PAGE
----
MSc Candidate, Walker Lab
Is it safe for you to travel to Mars? - DNA replication fidelity in microgravity
The coming decades will represent a quantum leap in the field of crewed space travel, with planned missions back to the Moon, forward to Mars, and possibly beyond. The substantial biological threats of long-term space exploration are still key barriers to enacting these goals. Microgravity and radiation encountered in space are cellular stressors which could prove drastic to the health of future astronauts leaving earth’s orbit if not fully compensated for. Of specific concern is DNA mutagenesis precipitated by penetrating radiation coupled with microgravity’s effects on cellular function, and the cumulative impact of these processes on effective replication and repair of the genome.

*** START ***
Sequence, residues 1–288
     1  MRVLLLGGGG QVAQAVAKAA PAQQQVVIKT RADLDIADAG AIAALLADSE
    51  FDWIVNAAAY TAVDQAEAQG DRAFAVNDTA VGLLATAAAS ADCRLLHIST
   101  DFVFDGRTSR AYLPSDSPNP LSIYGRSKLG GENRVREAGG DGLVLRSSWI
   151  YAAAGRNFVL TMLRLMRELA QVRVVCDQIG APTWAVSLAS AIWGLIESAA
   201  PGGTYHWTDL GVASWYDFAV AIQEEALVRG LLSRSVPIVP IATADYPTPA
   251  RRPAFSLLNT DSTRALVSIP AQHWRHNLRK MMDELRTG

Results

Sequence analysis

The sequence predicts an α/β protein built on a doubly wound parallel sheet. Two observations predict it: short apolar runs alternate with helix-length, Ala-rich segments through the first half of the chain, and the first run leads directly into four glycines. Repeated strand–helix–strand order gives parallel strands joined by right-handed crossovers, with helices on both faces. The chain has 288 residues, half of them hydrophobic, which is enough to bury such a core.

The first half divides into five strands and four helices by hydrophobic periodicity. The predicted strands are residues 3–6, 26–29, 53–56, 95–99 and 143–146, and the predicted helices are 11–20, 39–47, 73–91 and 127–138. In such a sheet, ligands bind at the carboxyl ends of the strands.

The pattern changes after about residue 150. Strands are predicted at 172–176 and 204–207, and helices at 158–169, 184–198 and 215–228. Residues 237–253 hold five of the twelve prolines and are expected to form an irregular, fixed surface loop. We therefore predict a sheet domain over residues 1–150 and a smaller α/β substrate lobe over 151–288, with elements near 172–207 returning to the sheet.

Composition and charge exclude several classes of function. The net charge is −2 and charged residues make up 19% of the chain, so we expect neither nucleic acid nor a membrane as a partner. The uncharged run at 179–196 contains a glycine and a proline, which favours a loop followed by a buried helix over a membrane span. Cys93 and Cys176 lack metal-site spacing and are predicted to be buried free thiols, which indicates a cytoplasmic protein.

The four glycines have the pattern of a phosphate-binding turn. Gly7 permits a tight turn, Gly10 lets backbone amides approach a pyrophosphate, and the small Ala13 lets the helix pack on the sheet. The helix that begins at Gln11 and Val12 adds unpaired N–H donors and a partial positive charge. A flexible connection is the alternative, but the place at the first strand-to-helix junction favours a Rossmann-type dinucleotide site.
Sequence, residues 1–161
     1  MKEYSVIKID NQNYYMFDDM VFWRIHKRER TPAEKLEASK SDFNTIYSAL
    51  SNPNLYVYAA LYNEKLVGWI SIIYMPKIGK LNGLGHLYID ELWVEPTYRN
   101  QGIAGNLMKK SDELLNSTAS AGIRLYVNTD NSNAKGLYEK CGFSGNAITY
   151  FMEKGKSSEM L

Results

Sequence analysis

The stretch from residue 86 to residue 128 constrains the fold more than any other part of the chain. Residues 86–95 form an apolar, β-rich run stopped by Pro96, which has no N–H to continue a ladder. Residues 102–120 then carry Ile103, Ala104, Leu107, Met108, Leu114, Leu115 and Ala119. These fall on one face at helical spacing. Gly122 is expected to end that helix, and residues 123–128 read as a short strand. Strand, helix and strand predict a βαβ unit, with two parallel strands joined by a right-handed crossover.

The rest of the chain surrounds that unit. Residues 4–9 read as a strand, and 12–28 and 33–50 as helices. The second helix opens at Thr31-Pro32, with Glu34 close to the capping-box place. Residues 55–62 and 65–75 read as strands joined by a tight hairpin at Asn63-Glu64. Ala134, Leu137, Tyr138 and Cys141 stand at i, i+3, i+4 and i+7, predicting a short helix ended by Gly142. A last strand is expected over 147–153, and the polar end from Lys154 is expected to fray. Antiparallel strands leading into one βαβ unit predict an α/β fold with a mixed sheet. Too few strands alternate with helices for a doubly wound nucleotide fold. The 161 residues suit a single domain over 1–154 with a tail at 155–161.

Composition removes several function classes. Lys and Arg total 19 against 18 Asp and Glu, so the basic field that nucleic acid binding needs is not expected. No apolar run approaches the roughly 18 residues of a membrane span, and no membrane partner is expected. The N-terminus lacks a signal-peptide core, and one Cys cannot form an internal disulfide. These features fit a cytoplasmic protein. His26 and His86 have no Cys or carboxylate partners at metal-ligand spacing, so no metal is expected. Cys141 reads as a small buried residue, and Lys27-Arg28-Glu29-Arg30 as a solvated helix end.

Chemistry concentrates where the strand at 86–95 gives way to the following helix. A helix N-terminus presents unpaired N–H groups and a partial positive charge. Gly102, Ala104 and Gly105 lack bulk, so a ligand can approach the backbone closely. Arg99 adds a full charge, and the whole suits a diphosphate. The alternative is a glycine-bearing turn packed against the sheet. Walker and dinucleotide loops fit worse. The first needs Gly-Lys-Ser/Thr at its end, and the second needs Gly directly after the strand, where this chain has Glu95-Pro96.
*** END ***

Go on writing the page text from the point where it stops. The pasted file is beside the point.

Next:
The Polymerase Error Rate in Space (PolERIS) experiment was devised to identify whether DNA polymerase enzymes, essential for both replication and repair of the genome, are more prone to errors in microgravity, which would thus reduce cellular radiotolerance in space. This research necessitated the development of both novel genetics and engineering-based approaches to conducting biological research in microgravity. In order to characterize DNA replication in space, this experiment was conducted aboard a parabolic flight plane in order to induce real microgravity. Furthermore, it was determined that E. coli DNA polymerase I derivatives were more prone to both substitution and deletion errors in microgravity in the absence of the 3′→5′ exonuclease proofreading domain.
This presentation will develop the intuition required to understanding the current state of the cellular stress response in space, how polymerases exhibit altered functionality in microgravity, and expand on the use of novel biosensors for detection of a broad spectrum of DNA damage in vitro.